5. Mental Chemistry: Combination for Panpsychists.Sam Coleman - 2012 - Dialectica 66 (1):137-166.
    Panpsychism, an increasingly popular competitor to physicalism as a theory of mind, faces a famous difficulty, the ‘combination problem’. This is the difficulty of understanding the composition of a conscious mind by parts (the ultimates) which are themselves taken to be phenomenally qualitied. I examine the combination problem, and I attempt to solve it. There are a few distinct difficulties under the banner of ‘the combination problem’, and not all of them need worry panpsychists. After homing in on the genuine (...)
    Remove from this list   Direct download (9 more)  
     
    Export citation  
     
    My bibliography   5 citations  
  6. Review of Consciousness and its Place in Nature. [REVIEW]Barry Dainton - 2011 - Philosophy and Phenomenological Research 83 (1):238-261.
    Remove from this list   Direct download (8 more)  
     
    Export citation  
     
    My bibliography   1 citation  
  7. Amplifying Phenomenal Information: Toward a Fundamental Theory of Consciousness.Liane Gabora - 2002 - Journal of Consciousness Studies 9 (8):3-29.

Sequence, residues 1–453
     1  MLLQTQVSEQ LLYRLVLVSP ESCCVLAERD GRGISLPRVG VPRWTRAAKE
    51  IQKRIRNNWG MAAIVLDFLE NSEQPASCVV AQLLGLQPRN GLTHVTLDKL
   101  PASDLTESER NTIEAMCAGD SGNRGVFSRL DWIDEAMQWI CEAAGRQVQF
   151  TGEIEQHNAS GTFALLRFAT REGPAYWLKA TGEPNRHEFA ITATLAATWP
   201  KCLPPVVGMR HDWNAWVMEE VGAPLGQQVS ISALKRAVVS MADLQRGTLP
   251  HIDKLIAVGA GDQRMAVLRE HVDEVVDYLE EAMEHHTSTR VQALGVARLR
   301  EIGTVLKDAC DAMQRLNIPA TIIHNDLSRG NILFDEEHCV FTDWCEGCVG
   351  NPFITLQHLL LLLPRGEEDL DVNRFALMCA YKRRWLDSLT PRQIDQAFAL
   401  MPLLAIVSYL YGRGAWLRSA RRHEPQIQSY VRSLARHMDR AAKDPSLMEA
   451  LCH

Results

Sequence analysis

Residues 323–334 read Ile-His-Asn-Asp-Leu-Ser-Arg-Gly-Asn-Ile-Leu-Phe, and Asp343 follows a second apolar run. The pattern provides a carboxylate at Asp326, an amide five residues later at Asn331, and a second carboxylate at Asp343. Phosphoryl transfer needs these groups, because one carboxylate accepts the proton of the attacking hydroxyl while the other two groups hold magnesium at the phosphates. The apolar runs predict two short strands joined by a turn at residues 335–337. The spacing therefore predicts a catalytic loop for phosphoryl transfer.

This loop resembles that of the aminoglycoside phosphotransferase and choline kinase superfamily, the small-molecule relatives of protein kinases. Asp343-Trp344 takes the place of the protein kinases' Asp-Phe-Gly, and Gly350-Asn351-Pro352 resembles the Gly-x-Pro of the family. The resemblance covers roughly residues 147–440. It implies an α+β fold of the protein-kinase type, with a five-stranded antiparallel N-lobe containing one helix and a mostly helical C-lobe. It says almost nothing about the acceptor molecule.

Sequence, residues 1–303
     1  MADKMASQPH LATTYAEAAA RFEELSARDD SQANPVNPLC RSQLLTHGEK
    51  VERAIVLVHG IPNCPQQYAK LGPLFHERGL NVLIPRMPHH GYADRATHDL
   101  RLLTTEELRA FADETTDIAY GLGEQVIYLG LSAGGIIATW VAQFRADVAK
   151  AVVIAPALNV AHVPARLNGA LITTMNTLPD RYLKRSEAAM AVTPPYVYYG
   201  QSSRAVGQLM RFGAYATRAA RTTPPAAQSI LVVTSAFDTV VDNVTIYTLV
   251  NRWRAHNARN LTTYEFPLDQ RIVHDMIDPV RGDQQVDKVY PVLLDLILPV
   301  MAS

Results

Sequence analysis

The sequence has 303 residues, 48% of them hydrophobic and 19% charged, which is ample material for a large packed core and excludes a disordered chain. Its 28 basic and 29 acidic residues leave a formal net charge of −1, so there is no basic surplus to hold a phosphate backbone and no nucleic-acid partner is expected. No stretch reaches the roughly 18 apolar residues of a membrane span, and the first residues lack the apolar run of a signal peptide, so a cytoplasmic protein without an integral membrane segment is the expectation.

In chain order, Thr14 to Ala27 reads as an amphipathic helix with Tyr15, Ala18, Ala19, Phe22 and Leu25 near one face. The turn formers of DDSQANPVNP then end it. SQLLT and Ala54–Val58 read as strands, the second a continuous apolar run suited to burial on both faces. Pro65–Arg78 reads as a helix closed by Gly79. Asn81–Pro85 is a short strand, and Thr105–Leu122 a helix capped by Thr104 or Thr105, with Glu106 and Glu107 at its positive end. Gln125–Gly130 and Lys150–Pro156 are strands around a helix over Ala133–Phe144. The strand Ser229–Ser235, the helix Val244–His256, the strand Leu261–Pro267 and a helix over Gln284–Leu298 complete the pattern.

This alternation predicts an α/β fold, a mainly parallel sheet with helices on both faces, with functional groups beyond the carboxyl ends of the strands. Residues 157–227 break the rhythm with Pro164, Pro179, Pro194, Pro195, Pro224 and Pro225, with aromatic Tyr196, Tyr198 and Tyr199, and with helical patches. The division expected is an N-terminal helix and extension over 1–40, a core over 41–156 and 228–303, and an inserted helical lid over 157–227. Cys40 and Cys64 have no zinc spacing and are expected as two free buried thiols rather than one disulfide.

from non-conscious components by positing that consciousness is a universal primitive. For example, the double aspect theory of information holds that infor- mation has a phenomenal aspect. How then do you get from phenomenal infor- mation to human consciousness? This paper proposes that an entity is conscious to the extent it amplifies information, first by trapping and integrating it through closure, and second by maintaining dynamics at the edge of chaos through simul- taneous processes of divergence and convergence. The origin (...)
    Remove from this list   Direct download (7 more)  
     
    Export citation  
     
    My bibliography  
  8. Raymond Ruyer, la Biologie Et la Théologie Naturelle [Raymond Ruyer, Biology, and Natural Theology].Philippe Gagnon - 2012 - In Ronny Desmet & Michel Weber (eds.), Chromatikon VIII: Annales de la philosophie en procès — Yearbook of Philosophy in Process. Éditions Chromatika.
    This is the outline: Introduction : le praticien d’une science-philosophie; Épiphénoménisme retourné et subjectivité délocalisée; Dieu est-il jamais inféré par la science ?; La question du panthéisme; Le pilotage axiologique et la parabole mécaniste; L'unité domaniale comme ce qui reste en dehors de la science.